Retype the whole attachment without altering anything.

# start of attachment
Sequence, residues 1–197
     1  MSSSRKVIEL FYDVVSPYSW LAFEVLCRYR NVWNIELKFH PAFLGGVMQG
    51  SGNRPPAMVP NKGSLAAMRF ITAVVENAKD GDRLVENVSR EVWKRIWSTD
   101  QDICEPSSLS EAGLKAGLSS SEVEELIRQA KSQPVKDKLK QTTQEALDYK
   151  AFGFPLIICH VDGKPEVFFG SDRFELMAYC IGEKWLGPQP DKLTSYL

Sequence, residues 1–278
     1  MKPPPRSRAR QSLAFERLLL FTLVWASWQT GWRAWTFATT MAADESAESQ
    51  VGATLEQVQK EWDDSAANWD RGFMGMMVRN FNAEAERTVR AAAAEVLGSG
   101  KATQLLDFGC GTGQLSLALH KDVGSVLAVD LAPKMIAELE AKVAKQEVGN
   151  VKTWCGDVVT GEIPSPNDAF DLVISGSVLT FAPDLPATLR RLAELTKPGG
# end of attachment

Sequence, residues 1–197
     1  MSSSRKVIEL FYDVVSPYSW LAFEVLCRYR NVWNIELKFH PAFLGGVMQG
    51  SGNRPPAMVP NKGSLAAMRF ITAVVENAKD GDRLVENVSR EVWKRIWSTD
   101  QDICEPSSLS EAGLKAGLSS SEVEELIRQA KSQPVKDKLK QTTQEALDYK
   151  AFGFPLIICH VDGKPEVFFG SDRFELMAYC IGEKWLGPQP DKLTSYL

Sequence, residues 1–278
     1  MKPPPRSRAR QSLAFERLLL FTLVWASWQT GWRAWTFATT MAADESAESQ
    51  VGATLEQVQK EWDDSAANWD RGFMGMMVRN FNAEAERTVR AAAAEVLGSG
   101  KATQLLDFGC GTGQLSLALH KDVGSVLAVD LAPKMIAELE AKVAKQEVGN
   151  VKTWCGDVVT GEIPSPNDAF DLVISGSVLT FAPDLPATLR RLAELTKPGG